code-for-a-living October 1, 2019

Introducing The Overflow and Cassidy Williams

Today we’re launching The Overflow, a newsletter from Stack Overflow that brings together great questions from our community, news and articles from our blog, and awesome links from around the web. Our goal is to produce a collection of links about the world of software development that entertains, educates, and informs. It’s content by developers,…
Avatar for Cassidy Williams
Instructor and developer at React Training
Today we’re launching The Overflow, a newsletter from Stack Overflow that brings together great questions from our community, news and articles from our blog, and awesome links from around the web. Our goal is to produce a collection of links about the world of software development that entertains, educates, and informs. It’s content by developers, for developers, and will start to arrive over the next few days. We’ll send a new issue out once every two weeks.

Helping us put The Overflow together is software engineer Cassidy Williams! She hails from Seattle and works at React Training by day and builds mechanical keyboards by night. You might recognize her from her funny dev videos she shares or from one of the many podcasts and conferences at which she’s spoken.

If you want to subscribe to The Overflow, log into your Stack Overflow account and head over to your email preferences. Folks who were already opted-in to receive occasional email from us about the company, community, new features and product will be opted-in, but of course, if you got the email and don’t feel like getting it again, you can head to your email preferences and opt out.

And now, a short intro note from Cassidy.
Keycaps are very fun and Cassidy probably has too many
I remember the first time I ever crafted something with code. I was 13 years old and I had heard my neighbor say, “Check out my website!” on my walk home from school. I had never heard of individuals having their own websites before, I thought it was only something companies could do. I rushed home and looked up everything I could about how to make my own websites. I had no idea that small interaction would change the course of my life.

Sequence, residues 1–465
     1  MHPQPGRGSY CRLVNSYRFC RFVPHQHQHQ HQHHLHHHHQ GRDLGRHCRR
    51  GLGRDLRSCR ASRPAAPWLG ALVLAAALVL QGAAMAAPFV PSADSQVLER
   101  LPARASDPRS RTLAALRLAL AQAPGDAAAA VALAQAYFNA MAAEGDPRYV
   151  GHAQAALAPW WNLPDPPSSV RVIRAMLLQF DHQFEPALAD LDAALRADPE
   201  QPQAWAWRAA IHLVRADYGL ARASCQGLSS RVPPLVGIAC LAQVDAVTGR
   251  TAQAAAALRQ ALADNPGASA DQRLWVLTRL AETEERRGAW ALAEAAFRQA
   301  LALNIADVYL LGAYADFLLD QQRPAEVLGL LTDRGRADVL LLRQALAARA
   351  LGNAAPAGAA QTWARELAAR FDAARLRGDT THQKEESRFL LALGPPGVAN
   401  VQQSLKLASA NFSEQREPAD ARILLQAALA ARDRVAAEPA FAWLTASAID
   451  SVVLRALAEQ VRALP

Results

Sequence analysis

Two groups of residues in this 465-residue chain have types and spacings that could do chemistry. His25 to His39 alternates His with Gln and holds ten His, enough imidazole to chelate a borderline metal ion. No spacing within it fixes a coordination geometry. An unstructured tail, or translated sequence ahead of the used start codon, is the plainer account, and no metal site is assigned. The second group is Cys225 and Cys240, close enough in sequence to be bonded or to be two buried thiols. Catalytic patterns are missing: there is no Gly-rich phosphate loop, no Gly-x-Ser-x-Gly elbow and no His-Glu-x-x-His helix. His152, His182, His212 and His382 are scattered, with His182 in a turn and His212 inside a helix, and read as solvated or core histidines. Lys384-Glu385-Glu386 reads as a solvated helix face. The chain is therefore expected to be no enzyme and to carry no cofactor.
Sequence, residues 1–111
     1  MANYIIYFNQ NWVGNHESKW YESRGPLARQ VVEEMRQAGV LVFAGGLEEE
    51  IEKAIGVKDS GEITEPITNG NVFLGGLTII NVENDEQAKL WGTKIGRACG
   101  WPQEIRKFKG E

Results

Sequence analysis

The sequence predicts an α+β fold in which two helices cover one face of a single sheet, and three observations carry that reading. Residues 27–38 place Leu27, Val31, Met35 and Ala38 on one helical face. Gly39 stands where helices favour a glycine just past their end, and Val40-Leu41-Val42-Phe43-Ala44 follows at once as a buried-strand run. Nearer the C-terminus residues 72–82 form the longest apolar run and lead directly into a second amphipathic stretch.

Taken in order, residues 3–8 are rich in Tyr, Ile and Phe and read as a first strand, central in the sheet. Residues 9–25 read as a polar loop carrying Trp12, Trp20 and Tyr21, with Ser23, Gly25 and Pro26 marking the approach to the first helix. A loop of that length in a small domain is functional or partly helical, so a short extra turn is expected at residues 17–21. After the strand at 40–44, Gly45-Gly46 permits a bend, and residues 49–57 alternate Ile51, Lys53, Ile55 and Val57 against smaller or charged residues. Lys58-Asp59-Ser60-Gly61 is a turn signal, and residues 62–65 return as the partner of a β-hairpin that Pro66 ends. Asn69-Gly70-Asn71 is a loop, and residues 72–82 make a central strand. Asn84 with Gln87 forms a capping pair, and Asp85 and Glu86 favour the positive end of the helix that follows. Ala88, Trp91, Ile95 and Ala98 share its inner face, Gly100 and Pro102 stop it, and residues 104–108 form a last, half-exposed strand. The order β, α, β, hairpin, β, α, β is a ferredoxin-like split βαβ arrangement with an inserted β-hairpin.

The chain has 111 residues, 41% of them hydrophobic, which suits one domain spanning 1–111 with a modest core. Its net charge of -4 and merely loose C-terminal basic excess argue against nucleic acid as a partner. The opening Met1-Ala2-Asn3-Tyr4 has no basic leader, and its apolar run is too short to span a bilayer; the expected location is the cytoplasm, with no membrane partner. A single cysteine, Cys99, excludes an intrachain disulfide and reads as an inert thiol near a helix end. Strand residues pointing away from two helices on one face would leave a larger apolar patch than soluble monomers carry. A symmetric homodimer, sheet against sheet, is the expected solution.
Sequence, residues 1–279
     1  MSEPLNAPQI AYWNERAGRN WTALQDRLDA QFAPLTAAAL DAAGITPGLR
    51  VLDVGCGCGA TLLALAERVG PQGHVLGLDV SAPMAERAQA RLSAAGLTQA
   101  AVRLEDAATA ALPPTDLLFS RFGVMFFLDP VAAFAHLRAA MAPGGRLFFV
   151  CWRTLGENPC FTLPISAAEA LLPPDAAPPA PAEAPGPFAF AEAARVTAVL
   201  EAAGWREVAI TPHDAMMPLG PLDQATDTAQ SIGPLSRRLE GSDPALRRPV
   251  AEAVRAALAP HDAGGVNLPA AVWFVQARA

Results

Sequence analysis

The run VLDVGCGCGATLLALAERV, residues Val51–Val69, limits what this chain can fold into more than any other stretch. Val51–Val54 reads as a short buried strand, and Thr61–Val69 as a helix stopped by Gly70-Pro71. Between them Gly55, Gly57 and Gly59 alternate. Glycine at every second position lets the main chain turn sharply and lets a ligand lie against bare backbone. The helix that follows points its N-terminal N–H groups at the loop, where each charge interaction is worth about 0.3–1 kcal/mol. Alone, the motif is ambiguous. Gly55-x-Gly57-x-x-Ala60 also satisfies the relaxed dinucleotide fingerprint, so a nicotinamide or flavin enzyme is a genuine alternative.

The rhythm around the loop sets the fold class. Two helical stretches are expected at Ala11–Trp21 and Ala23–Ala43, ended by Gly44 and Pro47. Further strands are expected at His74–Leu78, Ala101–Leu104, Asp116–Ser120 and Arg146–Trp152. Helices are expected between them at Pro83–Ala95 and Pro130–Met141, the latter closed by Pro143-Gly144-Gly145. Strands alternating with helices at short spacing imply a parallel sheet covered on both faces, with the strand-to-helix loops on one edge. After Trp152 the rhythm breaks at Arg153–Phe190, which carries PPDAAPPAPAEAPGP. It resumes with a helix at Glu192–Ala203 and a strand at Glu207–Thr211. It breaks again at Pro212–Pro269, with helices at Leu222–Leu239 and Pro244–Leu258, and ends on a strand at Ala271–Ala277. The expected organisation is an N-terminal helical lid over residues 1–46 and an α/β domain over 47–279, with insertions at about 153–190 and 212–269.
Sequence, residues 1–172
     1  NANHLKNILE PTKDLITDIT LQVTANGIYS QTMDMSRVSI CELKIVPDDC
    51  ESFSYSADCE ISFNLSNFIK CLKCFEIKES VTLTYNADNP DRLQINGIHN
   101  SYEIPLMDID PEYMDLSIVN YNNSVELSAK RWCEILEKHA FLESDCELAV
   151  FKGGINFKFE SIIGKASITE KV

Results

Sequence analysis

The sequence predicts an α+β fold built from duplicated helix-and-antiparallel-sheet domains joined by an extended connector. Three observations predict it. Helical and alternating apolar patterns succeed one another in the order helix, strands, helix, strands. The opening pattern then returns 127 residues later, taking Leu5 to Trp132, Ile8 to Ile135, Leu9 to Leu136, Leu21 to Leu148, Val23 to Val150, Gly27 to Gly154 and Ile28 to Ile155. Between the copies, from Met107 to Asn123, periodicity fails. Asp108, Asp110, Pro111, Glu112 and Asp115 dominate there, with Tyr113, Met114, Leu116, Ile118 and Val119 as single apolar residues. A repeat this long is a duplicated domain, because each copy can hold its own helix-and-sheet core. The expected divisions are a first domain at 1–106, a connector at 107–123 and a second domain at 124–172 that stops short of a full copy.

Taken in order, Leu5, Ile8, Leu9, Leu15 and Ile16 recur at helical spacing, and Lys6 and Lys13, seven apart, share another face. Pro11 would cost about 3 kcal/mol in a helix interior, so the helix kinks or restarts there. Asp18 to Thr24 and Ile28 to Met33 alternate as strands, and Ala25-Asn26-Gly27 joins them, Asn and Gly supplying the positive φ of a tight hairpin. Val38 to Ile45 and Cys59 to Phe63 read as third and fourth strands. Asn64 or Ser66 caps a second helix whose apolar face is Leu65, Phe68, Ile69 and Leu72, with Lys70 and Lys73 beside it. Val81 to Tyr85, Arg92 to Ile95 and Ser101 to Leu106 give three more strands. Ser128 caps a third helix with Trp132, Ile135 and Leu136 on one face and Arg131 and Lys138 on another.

Since then, programming has been a constant in my life. I studied CS at Iowa State University, graduating in 2014. I met my now-husband at a hackathon soon after that, and my sister is also a software engineer who graduated just after me! Between the three of us we’ve been able to work on some fun projects together, and it’s been a blast.

My actual work history has been a journey in itself. I worked in New York City for a few years, doing developer evangelism alongside my “day job” of software engineering for Venmo and Clarifai. At both companies, I was able to speak at conferences and meetups, attend hackathons, and work on the products themselves. After that, I moved out to Seattle for a change of scenery and to try out more engineering-oriented roles. I worked at a company called L4 Digital (now Globant) where I was working on client-facing projects, managing a few developers, and trying out the tech-lead thing.

I found that I was missing interacting with the dev community more, so I moved on to a role at Amazon where my (fancy) title was Head of Developer Voice Programs. I worked alongside developer evangelists and product teams to bring new features to the Alexa SDK, and I got to work with my sister, too! But I found that large companies weren’t really my cup of tea and ended up joining the team at CodePen. I’ve been an active user of CodePen for years and got to work with the small (eight person!) team to build new features, improve old ones, and convert the website to newer and newer technologies (you might recall my Apollo blog post a few weeks back).